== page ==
In the second round of the AFC playoffs this year against the San Diego Chargers, the Denver Broncos All-Pro quarterback, Peyton Manning, yelled the word “Omaha” on 44 of the team’s 70 offensive snaps, most of which were picked up by sideline microphones and broadcast to a national TV audience. “Omaha” was likely a code word signaling his teammates that the ball would be snapped on the next sound he made. This little bit of football strategy snowballed into a marketing campaign for the city of Omaha, Nebraska, some of its corporate citizens, and Peyton Manning’s foundation for at-risk youth.
Most major sports media focused on a post-game story asking why Peyton was shouting “Omaha” so much. The city’s tourism board took advantage of this exposure and cleverly tweeted at Peyton thanking him for all the times he said “Omaha” and saw that over 4,000 people retweeted their post. The Omaha Chamber of Commerce collaborated with five local businesses, ConAgra Foods, First National Bank of Omaha, Mutual of Omaha, Omaha Steaks, and Union Pacific Railroad, and offered to give the Peyback Foundation $500 for every time Peyton shouted the word “Omaha” in the following week’s AFC Championship Game against the New England Patriots. Peyton did it 31 times in the Broncos victory, which resulted in contributions of $24,800 and in great publicity for Omaha and those corporations. The city of Omaha’s web page, Visit Omaha, saw a significant increase in hits in the three weeks before the Super Bowl.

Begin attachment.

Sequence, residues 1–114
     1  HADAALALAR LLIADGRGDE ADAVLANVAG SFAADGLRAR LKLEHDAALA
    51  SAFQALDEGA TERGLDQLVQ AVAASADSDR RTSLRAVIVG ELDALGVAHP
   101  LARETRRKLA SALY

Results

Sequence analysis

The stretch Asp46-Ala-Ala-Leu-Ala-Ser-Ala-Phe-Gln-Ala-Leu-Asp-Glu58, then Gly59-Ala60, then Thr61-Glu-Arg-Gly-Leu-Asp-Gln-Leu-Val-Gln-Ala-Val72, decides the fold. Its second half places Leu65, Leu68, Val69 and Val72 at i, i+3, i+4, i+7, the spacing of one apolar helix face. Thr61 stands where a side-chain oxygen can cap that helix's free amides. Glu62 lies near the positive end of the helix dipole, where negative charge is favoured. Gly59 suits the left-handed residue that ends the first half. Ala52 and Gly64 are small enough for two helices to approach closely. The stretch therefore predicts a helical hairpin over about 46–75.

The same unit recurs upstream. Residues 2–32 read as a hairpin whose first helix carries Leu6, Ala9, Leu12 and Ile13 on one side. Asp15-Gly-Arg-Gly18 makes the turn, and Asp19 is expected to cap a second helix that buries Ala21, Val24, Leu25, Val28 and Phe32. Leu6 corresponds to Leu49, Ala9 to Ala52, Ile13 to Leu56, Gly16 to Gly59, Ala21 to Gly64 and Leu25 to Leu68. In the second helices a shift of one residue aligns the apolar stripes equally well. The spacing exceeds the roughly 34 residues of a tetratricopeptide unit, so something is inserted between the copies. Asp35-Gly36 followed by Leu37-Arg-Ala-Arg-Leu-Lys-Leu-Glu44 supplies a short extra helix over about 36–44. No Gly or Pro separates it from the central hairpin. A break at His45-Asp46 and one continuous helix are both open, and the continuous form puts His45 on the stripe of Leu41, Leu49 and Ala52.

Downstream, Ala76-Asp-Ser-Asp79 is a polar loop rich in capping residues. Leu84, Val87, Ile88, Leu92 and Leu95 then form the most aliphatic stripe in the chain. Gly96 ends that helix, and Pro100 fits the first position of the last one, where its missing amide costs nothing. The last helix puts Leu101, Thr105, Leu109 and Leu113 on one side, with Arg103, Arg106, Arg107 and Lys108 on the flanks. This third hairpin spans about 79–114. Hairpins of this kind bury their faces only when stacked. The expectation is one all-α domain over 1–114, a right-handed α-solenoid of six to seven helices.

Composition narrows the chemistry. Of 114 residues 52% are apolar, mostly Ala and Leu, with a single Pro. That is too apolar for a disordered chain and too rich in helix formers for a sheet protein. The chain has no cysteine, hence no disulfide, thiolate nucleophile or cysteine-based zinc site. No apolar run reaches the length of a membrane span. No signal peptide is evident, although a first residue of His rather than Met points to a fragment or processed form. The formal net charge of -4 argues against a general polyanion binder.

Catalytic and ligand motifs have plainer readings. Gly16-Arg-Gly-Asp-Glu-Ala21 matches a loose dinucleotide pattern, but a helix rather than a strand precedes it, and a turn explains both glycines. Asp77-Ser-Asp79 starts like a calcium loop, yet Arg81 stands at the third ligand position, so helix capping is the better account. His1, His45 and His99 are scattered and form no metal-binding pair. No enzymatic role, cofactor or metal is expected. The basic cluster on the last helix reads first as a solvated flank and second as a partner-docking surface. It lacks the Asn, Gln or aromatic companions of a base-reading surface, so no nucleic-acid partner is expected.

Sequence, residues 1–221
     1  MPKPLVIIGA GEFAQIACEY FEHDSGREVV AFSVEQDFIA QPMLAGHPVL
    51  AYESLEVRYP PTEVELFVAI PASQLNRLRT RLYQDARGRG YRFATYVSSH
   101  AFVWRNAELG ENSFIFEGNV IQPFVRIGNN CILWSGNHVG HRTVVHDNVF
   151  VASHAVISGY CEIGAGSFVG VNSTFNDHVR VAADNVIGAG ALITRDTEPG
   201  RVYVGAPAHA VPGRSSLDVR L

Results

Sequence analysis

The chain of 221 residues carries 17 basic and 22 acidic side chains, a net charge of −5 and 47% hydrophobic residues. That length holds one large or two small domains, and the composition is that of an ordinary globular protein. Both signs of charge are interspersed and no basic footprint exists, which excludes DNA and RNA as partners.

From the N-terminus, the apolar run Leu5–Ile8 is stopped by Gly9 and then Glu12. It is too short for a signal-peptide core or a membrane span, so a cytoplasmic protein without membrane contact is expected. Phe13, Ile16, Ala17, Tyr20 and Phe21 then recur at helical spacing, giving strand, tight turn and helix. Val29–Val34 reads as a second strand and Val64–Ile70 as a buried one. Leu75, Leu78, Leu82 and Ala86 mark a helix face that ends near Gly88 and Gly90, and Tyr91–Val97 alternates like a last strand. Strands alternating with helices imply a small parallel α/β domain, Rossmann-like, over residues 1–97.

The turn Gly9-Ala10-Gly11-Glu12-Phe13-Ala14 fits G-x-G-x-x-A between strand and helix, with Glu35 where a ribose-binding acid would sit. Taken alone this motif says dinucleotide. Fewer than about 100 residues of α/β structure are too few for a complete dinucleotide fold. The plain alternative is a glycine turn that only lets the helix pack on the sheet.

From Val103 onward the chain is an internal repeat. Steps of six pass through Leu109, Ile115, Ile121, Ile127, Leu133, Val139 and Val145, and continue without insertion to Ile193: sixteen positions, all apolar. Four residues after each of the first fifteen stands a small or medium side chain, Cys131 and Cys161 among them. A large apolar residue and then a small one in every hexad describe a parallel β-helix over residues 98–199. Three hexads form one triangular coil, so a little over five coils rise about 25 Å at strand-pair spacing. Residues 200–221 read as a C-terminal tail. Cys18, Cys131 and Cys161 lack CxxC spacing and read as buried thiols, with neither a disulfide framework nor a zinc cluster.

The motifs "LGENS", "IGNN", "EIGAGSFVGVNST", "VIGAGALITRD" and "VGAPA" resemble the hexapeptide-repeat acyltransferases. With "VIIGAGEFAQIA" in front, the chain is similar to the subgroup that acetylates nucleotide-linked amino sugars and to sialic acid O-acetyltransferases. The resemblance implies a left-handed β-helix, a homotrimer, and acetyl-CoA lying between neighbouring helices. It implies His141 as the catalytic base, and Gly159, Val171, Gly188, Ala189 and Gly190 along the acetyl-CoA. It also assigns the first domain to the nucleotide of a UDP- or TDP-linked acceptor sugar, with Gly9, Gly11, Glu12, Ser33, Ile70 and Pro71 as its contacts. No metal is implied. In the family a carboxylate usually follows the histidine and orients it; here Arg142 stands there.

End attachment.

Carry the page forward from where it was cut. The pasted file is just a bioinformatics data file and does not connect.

This was a smart marketing move by all concerned, but the NFL Office will undoubtedly be looking into what should and should not be allowed in this kind of marketing program going forward. Will NFL teams next year be selling their offensive snap counts to advertisers? Hut One…Hut Two…Pepsi…Hike… Is this the first step towards corporate logos on uniforms like in NASCAR and professional soccer? We shall see.